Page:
George Dunford was three when he emigrated to Canterbury with his parents, William, an agricultural labourer, and Elizabeth (34), and siblings Edward (14, d. 1889), an agricultural labourer, William (12, 1837-1883), Charles (1840-1916), Martha (8), Henry (1842-1929), and Jacob (1845-1884). In 1900, George was living at Ward Street, Addington. George’s father, William, became a ferryman, accommodation housekeeper and later a head shepherd.
Edward is buried at Woolston cemetery; brother William became a blacksmith and later managed Mount Hutt station for Alex Lean; and Jacob became a ferryman. In 1900, Charles was living at South Rakaia, and Henry, a stockowner, was at Temuka.
A family member believes that the numbering is wrong for the Cressy. He believes that George Dunford is No. 16 and that No. 10 is E. C. Mouldey. He bases his reasoning on photographs. William Sen. (c. 1815-1895) and Elizabeth (c. 1815-1887) arrived in Canterbury with seven children. Six other children were born after that.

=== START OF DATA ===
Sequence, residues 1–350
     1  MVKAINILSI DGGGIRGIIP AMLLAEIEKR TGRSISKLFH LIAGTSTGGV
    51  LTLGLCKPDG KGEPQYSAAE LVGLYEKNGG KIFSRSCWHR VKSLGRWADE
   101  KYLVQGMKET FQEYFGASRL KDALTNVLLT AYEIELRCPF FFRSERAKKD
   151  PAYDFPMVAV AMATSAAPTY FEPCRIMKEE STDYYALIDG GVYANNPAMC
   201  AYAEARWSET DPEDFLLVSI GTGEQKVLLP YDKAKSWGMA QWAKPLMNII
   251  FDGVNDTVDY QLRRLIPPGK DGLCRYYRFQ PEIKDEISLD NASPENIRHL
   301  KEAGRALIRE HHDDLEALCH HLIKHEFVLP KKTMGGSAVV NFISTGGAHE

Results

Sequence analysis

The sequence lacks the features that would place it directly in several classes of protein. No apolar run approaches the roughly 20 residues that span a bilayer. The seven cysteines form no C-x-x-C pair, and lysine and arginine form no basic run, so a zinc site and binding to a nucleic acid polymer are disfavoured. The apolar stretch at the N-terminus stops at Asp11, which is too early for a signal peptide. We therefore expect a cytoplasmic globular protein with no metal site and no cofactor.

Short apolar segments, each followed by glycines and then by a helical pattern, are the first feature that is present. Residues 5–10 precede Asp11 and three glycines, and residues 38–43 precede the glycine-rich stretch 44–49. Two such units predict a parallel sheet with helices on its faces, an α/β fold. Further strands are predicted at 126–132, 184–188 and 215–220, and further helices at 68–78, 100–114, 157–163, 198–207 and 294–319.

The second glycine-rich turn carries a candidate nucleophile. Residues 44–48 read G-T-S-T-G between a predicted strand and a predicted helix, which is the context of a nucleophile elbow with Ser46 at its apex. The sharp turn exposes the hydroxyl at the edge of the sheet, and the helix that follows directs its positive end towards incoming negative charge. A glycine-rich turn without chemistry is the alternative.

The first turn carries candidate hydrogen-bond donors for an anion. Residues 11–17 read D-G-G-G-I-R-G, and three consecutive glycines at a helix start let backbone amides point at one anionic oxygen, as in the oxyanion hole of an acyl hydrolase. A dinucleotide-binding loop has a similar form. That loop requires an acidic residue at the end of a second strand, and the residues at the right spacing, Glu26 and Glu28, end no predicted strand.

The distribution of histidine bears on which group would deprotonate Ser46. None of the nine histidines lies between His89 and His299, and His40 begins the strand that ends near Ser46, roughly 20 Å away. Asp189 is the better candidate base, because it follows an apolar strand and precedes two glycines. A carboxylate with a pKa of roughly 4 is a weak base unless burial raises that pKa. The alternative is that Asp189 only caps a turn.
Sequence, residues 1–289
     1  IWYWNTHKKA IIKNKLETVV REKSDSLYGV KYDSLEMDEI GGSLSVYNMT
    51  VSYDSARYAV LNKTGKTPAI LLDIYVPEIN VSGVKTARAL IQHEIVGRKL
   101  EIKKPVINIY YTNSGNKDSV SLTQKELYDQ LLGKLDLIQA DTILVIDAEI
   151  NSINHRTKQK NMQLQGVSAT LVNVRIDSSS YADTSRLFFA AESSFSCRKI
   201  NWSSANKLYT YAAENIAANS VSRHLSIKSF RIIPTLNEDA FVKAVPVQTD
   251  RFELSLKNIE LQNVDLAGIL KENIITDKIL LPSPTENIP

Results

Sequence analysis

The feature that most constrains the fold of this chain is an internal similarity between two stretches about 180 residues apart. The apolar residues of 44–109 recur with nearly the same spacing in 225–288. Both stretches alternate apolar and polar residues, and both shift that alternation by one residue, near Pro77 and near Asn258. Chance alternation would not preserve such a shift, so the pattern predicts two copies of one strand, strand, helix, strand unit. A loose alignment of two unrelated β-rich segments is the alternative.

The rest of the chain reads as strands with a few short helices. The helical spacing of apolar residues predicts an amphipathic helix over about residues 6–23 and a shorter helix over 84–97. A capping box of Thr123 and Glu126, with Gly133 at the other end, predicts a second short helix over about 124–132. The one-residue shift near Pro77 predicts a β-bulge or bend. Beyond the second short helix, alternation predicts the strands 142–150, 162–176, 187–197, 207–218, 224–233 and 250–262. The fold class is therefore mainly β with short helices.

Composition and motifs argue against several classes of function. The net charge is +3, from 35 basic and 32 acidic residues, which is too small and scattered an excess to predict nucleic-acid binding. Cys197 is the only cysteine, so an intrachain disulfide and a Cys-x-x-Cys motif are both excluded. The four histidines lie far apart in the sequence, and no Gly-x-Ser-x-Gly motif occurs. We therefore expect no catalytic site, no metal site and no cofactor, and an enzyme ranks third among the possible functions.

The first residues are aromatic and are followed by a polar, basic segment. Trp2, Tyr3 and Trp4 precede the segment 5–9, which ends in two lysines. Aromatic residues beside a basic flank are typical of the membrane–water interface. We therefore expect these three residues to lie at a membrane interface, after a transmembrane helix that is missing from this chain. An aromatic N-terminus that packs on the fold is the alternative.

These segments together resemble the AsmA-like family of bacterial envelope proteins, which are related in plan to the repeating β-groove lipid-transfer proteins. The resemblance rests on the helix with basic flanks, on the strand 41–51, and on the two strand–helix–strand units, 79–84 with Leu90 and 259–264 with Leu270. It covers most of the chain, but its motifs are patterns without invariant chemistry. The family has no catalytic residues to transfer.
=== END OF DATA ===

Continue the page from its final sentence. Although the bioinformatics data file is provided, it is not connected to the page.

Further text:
The family moved from Lyttelton to Christchurch, where they lived on Hagley Park, and then to Rangiora, where William worked for C. O. Torlesse. Most of the family then moved to Rakaia after William secured a lease with the Canterbury Provincial Government to provide a ferry across the Rakaia. William is apparently best known as the Rakaia ferryman.
George (1847-1926) married at some point. He lived in Addington most of his life and is buried at Sydenham. Edward (c. 1837-1910) died on the West Coast and is buried at Karoro, Greymouth. William Jun. (c. 1839-1883) remarried after his first wife died and was sheepfarming during the 1860s and 1870s. He later owned a successful china importing business at the bottom end of Colombo Street; he is buried in Rakaia.
Charles (c. 1840-1916) was married twice and lived in South Rakaia for most of his later life; he is buried at Linwood cemetery. Martha (c. 1841-1883) married Guy Secord and is buried in Karoro, Greymouth. Henry (c. 1843-1926) did a variety of work, mainly managing farms. In 1900 he was living in Temuka with his family; he is buried at Temuka.
Jacob (c. 1845-1884) worked as a Rakaia ferryman during the period the Dunfords had the ferry lease, and is buried at Karoro, Greymouth.1